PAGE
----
• Texas State University, Round Rock – “Abstraction”
• Georgetown Public Library
• Williamson County Jester Annex

Tent shows & events (all juried or invitationals):
• Sunset Valley ArtFest (recurring)
• WEST Austin Studio Tour (recurring)
• Dougherty Arts Center – “Spring Fling”
• The Long Center – AAAFF’s “Crazy Rich Asians VIP Soirée & Night Market”
• AFSSA Silk Road Gala (recurring)
• GAACC Ovation Gala
• Laura’s Library Artisan Market
• Armadillo Art Bazaar (through Prima Dora)
• Native Hostel Austin
• Austin Flea
• Rehani residence (private show)

Local stores selling Supriya’s Austin prints:
• Prima Dora
• Prima Dora Georgetown



I believe in using any skills and talent I have to help my community. To that extent, I support local organizations by donating paintings and prints to select fundraisers. If you are an organization interested in soliciting a donation, please contact us.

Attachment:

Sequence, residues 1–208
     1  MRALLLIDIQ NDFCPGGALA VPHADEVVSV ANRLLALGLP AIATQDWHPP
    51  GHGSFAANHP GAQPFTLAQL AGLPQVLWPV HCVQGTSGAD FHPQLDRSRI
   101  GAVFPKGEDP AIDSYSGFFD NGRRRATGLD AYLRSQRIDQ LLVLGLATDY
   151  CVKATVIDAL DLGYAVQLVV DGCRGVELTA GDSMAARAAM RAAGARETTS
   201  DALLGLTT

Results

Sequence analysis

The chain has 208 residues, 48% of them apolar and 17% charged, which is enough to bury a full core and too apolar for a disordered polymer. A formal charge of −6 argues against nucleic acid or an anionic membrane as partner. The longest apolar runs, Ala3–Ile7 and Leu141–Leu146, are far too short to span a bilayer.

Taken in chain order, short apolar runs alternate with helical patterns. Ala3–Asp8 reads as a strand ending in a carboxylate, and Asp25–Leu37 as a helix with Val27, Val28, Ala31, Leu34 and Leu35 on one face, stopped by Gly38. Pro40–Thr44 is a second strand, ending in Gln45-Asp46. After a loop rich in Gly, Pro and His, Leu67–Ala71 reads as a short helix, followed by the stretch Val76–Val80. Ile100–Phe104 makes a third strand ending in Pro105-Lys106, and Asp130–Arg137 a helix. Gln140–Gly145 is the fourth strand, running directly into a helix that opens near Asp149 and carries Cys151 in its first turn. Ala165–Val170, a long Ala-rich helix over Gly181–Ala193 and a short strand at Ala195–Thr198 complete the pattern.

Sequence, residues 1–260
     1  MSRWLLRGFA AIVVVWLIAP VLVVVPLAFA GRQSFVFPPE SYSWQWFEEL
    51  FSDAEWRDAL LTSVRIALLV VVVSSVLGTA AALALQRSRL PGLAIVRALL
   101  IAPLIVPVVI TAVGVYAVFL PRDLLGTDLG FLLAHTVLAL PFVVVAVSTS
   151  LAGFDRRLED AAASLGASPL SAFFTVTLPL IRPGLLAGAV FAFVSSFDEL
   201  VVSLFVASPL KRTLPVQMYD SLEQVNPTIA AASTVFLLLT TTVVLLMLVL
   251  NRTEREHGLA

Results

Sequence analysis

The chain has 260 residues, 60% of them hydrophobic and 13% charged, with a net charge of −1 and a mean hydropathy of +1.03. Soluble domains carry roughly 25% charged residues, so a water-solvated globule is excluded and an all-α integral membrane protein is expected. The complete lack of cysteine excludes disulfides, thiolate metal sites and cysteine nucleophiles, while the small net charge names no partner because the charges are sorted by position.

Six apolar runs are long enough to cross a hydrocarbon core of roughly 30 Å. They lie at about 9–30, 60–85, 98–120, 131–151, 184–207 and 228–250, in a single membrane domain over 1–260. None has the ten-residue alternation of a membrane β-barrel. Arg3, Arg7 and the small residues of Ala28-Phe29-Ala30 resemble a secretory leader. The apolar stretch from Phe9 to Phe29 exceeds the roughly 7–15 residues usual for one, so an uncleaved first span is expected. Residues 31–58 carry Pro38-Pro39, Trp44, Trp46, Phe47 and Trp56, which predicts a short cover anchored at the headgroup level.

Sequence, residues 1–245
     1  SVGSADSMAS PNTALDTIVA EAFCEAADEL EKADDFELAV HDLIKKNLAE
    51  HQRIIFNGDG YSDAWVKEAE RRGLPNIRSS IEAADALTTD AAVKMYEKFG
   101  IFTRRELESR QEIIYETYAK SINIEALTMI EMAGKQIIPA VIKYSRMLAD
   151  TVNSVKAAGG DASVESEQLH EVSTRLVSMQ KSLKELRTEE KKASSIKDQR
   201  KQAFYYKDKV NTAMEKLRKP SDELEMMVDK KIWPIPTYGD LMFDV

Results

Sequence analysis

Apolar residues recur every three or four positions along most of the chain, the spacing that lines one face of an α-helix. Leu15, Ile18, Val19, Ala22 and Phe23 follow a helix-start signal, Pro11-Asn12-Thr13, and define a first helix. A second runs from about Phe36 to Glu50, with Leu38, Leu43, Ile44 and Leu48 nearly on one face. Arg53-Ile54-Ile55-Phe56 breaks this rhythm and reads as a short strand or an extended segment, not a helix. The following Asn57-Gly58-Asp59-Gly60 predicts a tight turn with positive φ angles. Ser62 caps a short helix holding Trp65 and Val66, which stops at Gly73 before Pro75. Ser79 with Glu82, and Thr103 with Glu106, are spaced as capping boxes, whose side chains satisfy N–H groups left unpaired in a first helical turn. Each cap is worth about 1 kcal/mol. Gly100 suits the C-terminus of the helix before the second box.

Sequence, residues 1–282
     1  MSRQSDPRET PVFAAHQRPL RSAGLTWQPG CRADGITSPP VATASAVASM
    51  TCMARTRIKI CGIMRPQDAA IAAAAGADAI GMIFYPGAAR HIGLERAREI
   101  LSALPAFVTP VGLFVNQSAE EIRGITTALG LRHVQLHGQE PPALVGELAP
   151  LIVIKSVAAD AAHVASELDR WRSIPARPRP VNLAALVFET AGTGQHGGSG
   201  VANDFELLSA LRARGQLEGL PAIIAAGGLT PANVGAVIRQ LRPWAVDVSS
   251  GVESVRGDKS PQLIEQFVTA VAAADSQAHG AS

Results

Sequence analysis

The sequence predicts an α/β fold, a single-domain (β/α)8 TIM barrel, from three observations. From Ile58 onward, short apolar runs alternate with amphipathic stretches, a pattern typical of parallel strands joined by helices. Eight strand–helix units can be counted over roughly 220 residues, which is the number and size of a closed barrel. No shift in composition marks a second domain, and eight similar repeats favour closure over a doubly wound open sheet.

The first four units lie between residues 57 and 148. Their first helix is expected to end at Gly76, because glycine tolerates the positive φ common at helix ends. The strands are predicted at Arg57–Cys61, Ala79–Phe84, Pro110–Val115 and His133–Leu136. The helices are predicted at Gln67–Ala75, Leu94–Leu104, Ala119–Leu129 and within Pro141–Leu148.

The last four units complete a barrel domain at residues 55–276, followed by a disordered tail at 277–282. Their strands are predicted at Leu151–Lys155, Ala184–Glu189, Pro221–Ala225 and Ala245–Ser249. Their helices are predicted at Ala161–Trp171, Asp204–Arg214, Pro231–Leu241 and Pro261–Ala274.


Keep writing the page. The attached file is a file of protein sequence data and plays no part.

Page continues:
Past Donations:
• Silk Road Gala – Asian Family Support Services of Austin (AFSSA)
• Paramount Theater Gala
• Ovation Gala – Greater Austin Asian Chamber of Commerce (GAACC)
• Friends of the Westbank Library
• Sunset Valley Elementary School
• Agni Foundation’s “Un-Gala”
• Any Baby Can
• Texas Trial Lawyers Association (TTLA)
• Texas Law Fellowships (TLF)


That’s all right. You don’t have to be a millionaire or own only Picassos and Matisses like the big art collectors do. You see a painting and it captivates you. You see an interesting story in it. The colors mesmerize you. You can’t peel your eyes away from it. You are drawn to buy it and hang it where you can see it everyday. These reactions mean you have the heart of a collector. Anyone can love and appreciate art. You can own one painting or many, by one artist or many. Whatever makes your heart sing.

People like you encourage artists to create new art and to experiment with their style. And due to your appreciation and patronage, artists can grow and further beautify the world.